For the first 5 or so years I was in recovery, I hated having to go to those damn meetings. I was a binge drinker, you see. I didn’t drink every day. A couple of times a month… once a week … I couldn’t control my drinking. But I hadn’t been able to quit altogether, and it was too scary when I did drink. I had to do something. And, once I got around the meeting crowd, I wanted what they had. I wanted the laughter, the closeness, the instant community that I saw. So, I kept coming back.
Jessica and I were talking yesterday about experiencing people REALLY listening to you. The beauty of support groups is that you don’t get advice. Some of them are geared for that, but most are just places where you can speak about whatever you want, and people just hold space. When you are done, the next person speaks their mind. No one judges. No one tries to fix your problem. Nobody quotes inspirational sayings to motivate you to get back on your feet. There is just beautiful profound silence. It is as beautiful a gift to give as it is to receive.
There is a shortage of listening in this world. I can’t tell you how many people tell me that I’m the only person they know that will let them cry. It’s such an honor to hear people tell their story AND ask them to tell me more. I had to learn how to do it, and I also had to learn how valuable it was. I used to believe, too, that we need to just overcome this stuff, think positive and let God worry about it. But I found that to overcome it, you have to let it out. And God made us to do that. That’s why the scriptures say to confess your sins to others and why He wired us for connection. Yes, we need to talk to Him but we have to talk to others, too. It helps us heal, and it helps us to feel true joy.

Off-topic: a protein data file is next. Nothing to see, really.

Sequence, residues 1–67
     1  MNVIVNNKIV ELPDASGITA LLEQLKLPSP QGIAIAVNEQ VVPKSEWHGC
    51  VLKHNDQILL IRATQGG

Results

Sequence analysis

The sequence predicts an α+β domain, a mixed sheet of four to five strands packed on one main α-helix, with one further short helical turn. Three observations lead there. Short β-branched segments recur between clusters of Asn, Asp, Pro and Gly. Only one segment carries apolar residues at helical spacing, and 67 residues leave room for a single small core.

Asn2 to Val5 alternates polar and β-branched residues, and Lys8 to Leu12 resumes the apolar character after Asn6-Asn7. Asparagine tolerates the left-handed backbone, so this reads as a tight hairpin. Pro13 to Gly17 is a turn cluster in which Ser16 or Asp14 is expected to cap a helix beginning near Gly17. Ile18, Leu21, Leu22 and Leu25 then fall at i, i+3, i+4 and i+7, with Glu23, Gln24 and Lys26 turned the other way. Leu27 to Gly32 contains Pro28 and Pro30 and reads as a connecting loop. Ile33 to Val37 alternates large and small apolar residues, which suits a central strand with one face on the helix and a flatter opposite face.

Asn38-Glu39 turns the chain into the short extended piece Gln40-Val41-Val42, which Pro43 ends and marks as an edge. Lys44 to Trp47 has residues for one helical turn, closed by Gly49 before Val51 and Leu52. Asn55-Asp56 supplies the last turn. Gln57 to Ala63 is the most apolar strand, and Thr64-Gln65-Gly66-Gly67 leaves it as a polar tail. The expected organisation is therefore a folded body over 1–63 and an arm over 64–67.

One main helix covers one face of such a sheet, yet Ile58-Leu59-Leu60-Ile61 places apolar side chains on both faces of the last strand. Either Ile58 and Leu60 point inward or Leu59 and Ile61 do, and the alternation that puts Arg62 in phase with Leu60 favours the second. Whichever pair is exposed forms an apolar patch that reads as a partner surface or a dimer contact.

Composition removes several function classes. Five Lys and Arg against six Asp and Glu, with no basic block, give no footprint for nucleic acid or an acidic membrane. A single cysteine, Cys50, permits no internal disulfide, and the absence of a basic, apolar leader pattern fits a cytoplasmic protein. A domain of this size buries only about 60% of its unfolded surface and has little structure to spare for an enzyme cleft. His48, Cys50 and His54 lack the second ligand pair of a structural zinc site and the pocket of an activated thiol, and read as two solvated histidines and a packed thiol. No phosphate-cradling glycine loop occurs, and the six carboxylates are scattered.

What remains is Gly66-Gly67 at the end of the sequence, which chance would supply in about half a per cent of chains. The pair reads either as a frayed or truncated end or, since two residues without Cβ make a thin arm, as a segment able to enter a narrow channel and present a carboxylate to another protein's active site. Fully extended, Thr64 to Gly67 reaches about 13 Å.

Our bodies are containers. They hold emotions. Yoga is powerful because it helps us stretch out and open those places where we hold old emotions. It’s not unusual to see a new yoga student burst into tears as they hold their first intense Camel pose or to get irritable and angry as they start to move repressed anger around during practice. We are told to stuff it. We don’t intentionally hurt people with our advice; it’s just our cultural bent. That’s why I feel like it’s a sacred offering to hold space for someone to process long held hurts, fears and pain.
When we repress anger, fear and hurt, we fill up the container. Little by little unmet needs, slights, rejection, abandonment and unprocessed grief start to fill up our container. The problem is that when we are half full of all this heavy stuff, we can’t really feel the lightness of joy. We can feel happy, but we can’t truly experience joy. After working my spiritual program for awhile, my depression started to lift, and I started to feel moments of true serenity. First it came in hours… then days …. then it filled up the majority of time. I had no idea I could feel that way. And, it finally came around because I had cleaned out – with another person AND God – all that negative crap I’d been carrying around since I was a child. No one gets a free pass on this planet. We all have stuff buried down there. Some have more than others. That’s why I never want to tell somebody to buck up and get over it. I actually don’t know how much stuff they have buried in there. They may not even be able to see over the top of it.
I would hear people say they were grateful to be in recovery. Well, I hated it for a long time. I just wanted to drink normally and have fun like other people or be able to not drink and have a good life. I couldn’t do either, so I had to do this. Eventually I realized that recovery is not about the drinking at all. It’s about keeping the container clean. If the container’s clean and something painful happens, it can be processed quickly. When there is no pain…. there is no hunger for numbing. Holding space for others is also my job. Somewhere along the line, I realized that God gave me this job because this was my place in His world. And, even later, I realized that I loved it. I am a healer. All I need to offer is silence. And, now, when I hold space for someone else in pain, I know that I’m in the right place. That is true joy.